We mosaicked six geotiff tiles from the Earth Observation Group (EOG) at NOAA National Geophysical Data Center to create a complete dataset of ALAN for the entire world. Each tile contains the mean annual radiance composited from nighttime images taken by the Suomi National Polar-orbiting Partnership (NPP) satellite with its Visible Infrared Imaging Radiometer Suite (VIIRS) Day/Night Band (DNB) during 2015, and are produced in 15 arc-second resolution grids. Although monthly composites are available, we preferred to use annual composites because it prevents the results from being confounded by seasonal variations of snow and vegetation cover58,59. The full mosaic spans the globe from 75 N latitude to 65 S. Descriptions of the capabilities of the DNB sensor are available in60,61. We used the “vcm-orm-ntl” set of products, which are cloud-free, have had fires (gas flares included) and other ephemeral lights removed, and the background has been set to zero (e.g. moonlight reflection from the earth), leaving just sources of consistent ALAN primarily from electric lighting sources62. See62 for a full account of the production process of the composited nighttime image used for analysis, and for the complete details of the type of light sources excluded from the dataset. Radiance is measured in units of nanoWatts per square centimeter per steradian (nW cm2 sr) but have been multiplied by 1E963. Original radiance values in the individual tiles ranged from −0.12712 to 97386.8. We log10-transformed these values to improve its distribution for analysis, adding 1 first to retain all values. The log-transformed values range from −0.059 to 4.988. We converted the polygon geographic ranges of each species (see below) in each phase of annual cycle to raster grids of the same resolution of the ALAN data before calculating the geometric mean of ALAN (i.e. mean of the log10-transformed intensity).
Geographic ranges of birds
We used the Birds of the World geodatabase (BOTW)64 to obtain geospatial data characterizing the presence, origin and seasonality of 10,423 bird species around the world. We defined migratory species as those with a distinct “passage” geographic range (“known or thought very likely to occur regularly during a relatively short period(s) of the year on migration between breeding and non-breeding ranges”65), and filtered out diurnal migrants. For analyses, we only used data of nocturnal migrants with breeding, migration, and non-breeding ranges identified in the BOTW as extant and native. We cataloged 388 bird species as nocturnal migrants. We examined species with worldwide distribution, and from those with presence in both hemispheres we used data from the hemisphere containing breeding, migration, and non-breeding ranges. We excluded species with migration ranges that sparingly connect breeding and non-breeding ranges (i.e., don’t include most of the land area that migrants fly over during migration). We considered 298 species for analyses. We split the ranges for Nelson’s sparrow (Ammodramus nelsoni) into two migratory populations. Thus, we used 299 geographic ranges for each phase of the annual cycle.
We classified the geographic ranges of nocturnally migrating species by hemisphere (western: migratory species in the Nearctic-Neotropical system; eastern: all other species). We projected the geographic ranges to the Mollweide equal-area projection in ArcMap 10.466 where we used the “Calculate geometry” tool to estimate the area of seasonal geographic ranges in km2. We defined and estimated migration distances as the great circle distance in kilometers between the centroid of each species breeding and non-breeding ranges. We obtained the category of conservation concern for each species from the International Union for Conservation of Nature (IUCN) Red List API67. We used the eBird/Clements checklist of birds of the world68 to obtain taxonomic Families and current scientific names (scientific names from the BOTW database are not current).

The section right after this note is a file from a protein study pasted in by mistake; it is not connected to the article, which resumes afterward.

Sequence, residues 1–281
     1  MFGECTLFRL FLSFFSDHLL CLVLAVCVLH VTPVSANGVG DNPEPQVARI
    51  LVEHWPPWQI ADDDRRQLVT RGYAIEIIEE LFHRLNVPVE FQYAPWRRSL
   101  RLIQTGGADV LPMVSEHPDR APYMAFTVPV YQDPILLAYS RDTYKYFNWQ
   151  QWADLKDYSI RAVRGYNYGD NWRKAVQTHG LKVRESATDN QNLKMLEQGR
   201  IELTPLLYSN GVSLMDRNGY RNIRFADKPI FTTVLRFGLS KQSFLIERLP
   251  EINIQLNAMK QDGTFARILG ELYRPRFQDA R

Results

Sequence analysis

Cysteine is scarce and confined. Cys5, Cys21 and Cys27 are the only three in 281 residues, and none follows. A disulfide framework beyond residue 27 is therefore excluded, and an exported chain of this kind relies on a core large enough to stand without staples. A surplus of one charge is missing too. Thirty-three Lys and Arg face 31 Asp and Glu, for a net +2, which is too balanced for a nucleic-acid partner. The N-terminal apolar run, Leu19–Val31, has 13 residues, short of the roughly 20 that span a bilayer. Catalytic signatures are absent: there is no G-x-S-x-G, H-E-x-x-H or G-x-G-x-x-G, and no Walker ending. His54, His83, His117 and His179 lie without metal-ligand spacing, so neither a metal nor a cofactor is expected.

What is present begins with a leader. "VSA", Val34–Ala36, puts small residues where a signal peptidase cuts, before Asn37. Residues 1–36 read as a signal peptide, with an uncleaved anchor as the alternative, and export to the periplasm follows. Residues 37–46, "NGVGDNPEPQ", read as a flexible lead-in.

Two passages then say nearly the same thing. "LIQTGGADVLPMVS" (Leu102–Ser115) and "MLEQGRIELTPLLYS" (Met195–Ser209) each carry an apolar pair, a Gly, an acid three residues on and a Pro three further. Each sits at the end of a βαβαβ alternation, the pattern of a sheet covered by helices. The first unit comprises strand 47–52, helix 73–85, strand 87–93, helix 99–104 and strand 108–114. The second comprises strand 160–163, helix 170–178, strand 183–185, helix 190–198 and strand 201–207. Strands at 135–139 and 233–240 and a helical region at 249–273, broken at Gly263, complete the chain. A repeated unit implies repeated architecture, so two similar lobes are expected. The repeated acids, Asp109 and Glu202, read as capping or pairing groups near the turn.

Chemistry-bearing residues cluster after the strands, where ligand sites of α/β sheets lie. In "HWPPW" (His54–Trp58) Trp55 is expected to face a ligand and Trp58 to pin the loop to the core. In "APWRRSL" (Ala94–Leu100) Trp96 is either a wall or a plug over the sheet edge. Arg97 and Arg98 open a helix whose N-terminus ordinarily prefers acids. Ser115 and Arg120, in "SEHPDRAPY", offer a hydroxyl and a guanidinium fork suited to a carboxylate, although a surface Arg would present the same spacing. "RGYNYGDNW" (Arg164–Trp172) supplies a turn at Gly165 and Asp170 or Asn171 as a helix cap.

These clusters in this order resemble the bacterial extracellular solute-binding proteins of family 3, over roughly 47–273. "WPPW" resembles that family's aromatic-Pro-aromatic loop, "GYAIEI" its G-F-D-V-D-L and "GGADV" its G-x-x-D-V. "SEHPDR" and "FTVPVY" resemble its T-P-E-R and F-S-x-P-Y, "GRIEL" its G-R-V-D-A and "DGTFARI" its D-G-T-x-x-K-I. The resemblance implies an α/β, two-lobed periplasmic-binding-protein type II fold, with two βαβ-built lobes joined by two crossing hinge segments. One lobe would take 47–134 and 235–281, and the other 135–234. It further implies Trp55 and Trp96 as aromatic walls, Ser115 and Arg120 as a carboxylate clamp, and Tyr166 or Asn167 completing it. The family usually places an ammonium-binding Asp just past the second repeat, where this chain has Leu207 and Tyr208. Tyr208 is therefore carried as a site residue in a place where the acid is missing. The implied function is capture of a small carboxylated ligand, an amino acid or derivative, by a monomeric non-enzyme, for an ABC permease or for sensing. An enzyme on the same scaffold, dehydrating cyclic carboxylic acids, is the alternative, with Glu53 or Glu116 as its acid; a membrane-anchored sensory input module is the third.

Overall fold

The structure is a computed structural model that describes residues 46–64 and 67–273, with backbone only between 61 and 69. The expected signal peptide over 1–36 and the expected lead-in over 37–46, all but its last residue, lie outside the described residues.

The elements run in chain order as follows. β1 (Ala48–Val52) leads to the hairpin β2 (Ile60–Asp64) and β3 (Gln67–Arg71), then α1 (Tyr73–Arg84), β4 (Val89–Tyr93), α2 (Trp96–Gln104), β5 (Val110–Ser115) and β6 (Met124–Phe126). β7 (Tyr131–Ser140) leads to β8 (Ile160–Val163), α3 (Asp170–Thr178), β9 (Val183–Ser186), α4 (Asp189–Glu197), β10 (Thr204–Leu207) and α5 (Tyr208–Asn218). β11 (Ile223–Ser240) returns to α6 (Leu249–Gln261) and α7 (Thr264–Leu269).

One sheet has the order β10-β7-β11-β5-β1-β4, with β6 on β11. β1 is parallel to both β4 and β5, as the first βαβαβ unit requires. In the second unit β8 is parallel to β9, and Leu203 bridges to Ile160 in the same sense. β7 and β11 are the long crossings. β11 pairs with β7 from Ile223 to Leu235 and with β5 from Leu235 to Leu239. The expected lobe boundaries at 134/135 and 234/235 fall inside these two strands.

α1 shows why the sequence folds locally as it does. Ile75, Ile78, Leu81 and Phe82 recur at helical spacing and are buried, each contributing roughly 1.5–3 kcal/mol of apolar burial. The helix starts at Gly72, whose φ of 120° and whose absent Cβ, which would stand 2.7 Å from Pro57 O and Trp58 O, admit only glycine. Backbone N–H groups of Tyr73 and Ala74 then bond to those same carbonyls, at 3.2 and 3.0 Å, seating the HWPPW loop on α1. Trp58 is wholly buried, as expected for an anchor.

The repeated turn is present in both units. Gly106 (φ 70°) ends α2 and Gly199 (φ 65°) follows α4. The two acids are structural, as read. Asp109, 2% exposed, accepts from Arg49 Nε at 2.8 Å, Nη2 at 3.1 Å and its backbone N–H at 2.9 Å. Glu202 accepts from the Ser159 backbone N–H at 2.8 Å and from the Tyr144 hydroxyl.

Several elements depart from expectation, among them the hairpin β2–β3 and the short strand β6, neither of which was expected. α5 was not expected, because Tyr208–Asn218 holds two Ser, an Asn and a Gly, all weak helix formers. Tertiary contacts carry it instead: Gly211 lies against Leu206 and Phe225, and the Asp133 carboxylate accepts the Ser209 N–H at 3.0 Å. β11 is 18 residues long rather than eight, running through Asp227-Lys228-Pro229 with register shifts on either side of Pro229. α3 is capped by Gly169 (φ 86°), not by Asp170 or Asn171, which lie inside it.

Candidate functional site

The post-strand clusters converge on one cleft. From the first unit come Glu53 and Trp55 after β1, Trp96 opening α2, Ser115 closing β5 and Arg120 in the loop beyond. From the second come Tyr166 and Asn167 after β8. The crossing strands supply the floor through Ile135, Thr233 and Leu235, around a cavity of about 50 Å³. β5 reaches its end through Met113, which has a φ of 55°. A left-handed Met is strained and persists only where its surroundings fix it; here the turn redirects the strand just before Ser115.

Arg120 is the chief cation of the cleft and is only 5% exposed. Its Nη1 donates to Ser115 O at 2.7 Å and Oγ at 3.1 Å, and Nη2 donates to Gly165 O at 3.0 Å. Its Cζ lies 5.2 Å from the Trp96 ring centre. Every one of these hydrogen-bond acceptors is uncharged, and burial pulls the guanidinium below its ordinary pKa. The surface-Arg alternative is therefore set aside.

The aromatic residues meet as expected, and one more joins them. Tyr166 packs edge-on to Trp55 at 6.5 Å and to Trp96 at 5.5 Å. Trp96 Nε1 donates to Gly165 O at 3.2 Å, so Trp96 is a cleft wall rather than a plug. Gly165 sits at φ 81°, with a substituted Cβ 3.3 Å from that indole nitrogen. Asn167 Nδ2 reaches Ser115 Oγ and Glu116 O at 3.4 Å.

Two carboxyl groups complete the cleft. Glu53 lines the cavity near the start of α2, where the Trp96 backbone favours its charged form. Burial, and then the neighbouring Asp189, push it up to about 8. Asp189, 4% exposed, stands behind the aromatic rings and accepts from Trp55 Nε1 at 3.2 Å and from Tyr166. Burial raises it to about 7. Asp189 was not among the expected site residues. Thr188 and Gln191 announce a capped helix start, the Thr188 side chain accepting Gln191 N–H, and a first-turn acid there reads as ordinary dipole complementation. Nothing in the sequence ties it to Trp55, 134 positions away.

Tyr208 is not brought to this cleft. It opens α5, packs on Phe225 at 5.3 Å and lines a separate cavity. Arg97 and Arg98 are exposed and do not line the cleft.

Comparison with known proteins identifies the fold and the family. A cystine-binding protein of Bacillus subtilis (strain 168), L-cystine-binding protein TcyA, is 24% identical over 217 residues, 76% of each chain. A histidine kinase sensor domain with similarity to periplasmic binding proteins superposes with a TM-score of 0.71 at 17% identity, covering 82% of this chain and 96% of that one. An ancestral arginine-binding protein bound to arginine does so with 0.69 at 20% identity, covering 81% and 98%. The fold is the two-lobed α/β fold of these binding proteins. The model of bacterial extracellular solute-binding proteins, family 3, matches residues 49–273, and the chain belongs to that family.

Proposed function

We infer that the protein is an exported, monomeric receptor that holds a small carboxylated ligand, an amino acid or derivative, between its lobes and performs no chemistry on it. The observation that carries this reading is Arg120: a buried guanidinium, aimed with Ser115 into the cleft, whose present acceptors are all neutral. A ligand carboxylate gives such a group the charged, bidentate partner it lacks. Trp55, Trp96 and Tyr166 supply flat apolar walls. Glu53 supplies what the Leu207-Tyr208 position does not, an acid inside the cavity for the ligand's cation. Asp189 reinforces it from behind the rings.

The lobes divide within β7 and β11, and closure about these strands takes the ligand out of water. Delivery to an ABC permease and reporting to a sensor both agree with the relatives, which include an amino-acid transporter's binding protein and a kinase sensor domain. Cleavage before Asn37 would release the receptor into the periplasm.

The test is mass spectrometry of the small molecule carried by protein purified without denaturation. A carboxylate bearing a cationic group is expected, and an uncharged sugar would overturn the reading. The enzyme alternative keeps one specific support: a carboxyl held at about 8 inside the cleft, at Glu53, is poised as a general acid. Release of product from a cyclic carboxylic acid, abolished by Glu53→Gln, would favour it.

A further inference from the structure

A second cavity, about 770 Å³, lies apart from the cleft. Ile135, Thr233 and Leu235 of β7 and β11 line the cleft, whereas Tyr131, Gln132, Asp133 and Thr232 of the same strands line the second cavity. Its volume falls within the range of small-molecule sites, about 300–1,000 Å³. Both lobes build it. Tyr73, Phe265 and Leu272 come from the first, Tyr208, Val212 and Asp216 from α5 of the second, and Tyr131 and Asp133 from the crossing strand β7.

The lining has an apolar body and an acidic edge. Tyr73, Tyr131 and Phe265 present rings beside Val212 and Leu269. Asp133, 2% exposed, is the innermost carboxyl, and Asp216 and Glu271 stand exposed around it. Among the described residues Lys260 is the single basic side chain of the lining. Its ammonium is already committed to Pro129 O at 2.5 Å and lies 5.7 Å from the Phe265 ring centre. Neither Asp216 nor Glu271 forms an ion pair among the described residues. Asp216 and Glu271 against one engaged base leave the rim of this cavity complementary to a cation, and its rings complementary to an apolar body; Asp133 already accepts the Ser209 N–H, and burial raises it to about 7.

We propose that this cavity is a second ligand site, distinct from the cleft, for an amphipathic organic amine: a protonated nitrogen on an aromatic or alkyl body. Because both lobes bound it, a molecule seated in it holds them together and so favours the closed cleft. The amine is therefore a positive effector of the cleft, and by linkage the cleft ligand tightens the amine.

We used the gradient boosting method of Boosted Regression Trees (BRT) to model the variability of mean ALAN for each species of nocturnal migrant (n = 298), with five predictor variables: migration distance (log km), area of geographic range (log km2), phase of annual cycle, hemisphere, and IUCN category of conservation concern. BRT does not make assumptions about the data distribution of the response variable, hence it can fit non-linear response functions; in addition, it automatically models interactions among predictors, and can therefore perform better than Generalized Linear Models (GLM) and Generalized Additive Models (GAM)69. BRT analysis was performed in R70 with the library ‘dismo’ and function ‘gbm.step’, which optimizes the fit of the model through cross validation71. We used a tree complexity of 2 to allow two-way interactions among predictors, bag fraction of 0.5, a Gaussian error distribution, and a learning rate of 0.001 to produce a minimum of 1000 trees in the optimized model. The learning rate weighted the contribution of each tree to the model, and the bag fraction specified the proportion of data used to train the model69. We compared the mean intensity of light pollution between phases of the annual cycle with a multiple comparison of means (Tukey) post-hoc analysis, after a Generalized Linear Model (GLM) was fitted to our data with the same five predictors as with the BRT. We quantified the worldwide distribution of species richness by overlapping the geographic ranges of the 298 species included in the modeling analyses.
All data generated or analyzed during this study are included in the Supplementary Information files.
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A correction to this article is available online at https://doi.org/10.1038/s41598-018-23089-9.
S.A.C.C. was supported by Fulbright-García Robles and CONACyT scholarships during the project. Financial support also provided by the University of Delaware. We thank two anonymous reviewers who helped improve the manuscript.